>> joining us tonight, goldie taylor , msnbc contributor, managing editor of the goldie taylor project and former marine. goldie , thank you for your time tonight. your response to some of the rhetoric you just heard.
>> i frankly just find it astounding. you know, women have been serving in our armed forces and in military operations around the world for decades. the fact is we're doing the job. we're helicopter pilots. we're marine corps , you know, military police officers. we're military intelligence officers. we just don't get formally recognized for it, and we certainly don't get paid for it. there's a differential pay for someone who is formally recognized as being a part of infantry. that is a boost in pay and benefits that women don't have access to. certainly, if you serve on the front line you have greater access to leadership positions. that opportunity is cut off for women who, again, not formally recognized. i don't know how much recognition you need than to look at someone like tammy duckworth who comes home missing her legs or someone like a shoshana johnson , who was a p.o.w., or someone like a jessica lynch , who was shot in the heels of her feet. so i don't know how much more formal recognition you need that women are doing the job today.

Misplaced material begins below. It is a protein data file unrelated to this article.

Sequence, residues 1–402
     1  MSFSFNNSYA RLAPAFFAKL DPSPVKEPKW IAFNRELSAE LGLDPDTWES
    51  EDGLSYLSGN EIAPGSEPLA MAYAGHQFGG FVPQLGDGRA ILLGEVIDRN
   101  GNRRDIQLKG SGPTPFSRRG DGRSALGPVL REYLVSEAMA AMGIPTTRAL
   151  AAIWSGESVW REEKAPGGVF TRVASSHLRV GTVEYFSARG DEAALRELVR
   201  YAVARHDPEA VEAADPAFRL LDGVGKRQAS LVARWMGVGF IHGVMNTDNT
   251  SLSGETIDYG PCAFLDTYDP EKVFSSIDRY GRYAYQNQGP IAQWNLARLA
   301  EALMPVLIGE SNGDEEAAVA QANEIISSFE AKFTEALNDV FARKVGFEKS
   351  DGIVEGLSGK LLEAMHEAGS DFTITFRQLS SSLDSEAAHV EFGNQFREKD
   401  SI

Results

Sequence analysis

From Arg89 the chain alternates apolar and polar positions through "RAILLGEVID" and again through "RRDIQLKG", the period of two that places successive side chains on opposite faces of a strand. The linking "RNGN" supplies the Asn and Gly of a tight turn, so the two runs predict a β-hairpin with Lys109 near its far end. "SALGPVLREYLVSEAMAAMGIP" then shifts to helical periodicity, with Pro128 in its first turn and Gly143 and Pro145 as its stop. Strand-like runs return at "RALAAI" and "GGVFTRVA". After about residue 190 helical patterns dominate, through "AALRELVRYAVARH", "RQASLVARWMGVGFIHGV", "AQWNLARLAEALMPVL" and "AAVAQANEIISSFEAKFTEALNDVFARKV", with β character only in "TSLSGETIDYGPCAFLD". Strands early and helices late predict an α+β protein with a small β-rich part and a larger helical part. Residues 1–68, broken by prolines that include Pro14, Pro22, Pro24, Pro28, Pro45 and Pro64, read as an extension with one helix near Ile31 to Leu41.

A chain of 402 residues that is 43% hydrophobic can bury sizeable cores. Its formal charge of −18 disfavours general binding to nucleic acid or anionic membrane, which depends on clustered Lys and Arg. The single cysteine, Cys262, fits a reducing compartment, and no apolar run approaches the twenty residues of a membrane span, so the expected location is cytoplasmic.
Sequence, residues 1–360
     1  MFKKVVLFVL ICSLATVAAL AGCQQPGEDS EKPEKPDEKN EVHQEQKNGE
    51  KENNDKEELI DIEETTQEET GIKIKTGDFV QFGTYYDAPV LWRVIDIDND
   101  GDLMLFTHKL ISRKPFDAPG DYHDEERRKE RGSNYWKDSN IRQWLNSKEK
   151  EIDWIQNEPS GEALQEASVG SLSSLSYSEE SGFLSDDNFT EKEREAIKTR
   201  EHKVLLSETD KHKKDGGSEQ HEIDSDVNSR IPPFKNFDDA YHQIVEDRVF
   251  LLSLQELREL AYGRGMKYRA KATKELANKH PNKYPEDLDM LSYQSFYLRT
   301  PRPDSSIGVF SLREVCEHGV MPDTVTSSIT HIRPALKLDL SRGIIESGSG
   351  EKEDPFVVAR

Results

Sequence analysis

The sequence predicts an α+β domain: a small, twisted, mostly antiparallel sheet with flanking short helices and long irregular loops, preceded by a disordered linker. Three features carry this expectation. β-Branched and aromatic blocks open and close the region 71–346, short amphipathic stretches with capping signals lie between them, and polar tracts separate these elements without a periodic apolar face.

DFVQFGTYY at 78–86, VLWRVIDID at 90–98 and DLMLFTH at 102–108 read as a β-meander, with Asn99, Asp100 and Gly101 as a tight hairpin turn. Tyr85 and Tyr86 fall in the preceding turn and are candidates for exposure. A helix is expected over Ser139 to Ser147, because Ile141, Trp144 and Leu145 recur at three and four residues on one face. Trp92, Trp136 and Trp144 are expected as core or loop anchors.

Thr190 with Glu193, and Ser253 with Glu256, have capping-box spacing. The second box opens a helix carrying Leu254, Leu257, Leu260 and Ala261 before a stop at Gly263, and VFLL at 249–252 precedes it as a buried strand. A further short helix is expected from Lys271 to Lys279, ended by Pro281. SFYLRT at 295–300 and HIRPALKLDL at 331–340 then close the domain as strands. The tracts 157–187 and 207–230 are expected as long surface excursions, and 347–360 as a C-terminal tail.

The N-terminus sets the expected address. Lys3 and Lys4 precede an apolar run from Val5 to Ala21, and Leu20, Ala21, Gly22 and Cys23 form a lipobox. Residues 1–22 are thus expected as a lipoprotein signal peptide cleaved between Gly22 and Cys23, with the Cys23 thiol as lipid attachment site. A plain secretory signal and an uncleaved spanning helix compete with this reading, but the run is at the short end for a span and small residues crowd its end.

>> women have to volunteer for combat duty and face the same physical standards that men do. is that an issue or not an issue at all?
>> you know, i went through boot camp back in 1987 . my former husband attempted to go through boot camp that very same year. he did not graduate from boot camp and was returned home not a marine. i on the other hand did complete boot camp and did rise to the challenge. i do believe that the standards for infantry should be high. they should not be relaxed. but if a woman can meet the physical and mental challenges of serving on the front line then she darn well ought to be able to serve on the front line , be recognized, be promoted, and be paid for it.
>> some conservatives are saying that they're concerned because if women were to become captives that they would be possibly exploited sexually. what's your response to that?
>> my response is that women who served in our united states armed forces are more likely, more likely to be sexually battered and abused by their brethren in their own service. you know, the fact of the matter is we have been brushing under the rug, you know, the incidences of rape between soldiers and marines and sailors for any number of years. they don't get investigated. and at the end of the day those women are sent home, their careers are often ended, and the men are simply moved from duty station to duty station and continue to serve. so this is a reality that we already face today. it's not something brand new. at the end of the day being in the armed forces really is a man's world, but we've been operating in it and we've been doing it well.
>> all right. goldie taylor , thank you for joining us tonight. appreciate it so much. that's "the ed show." i'm ed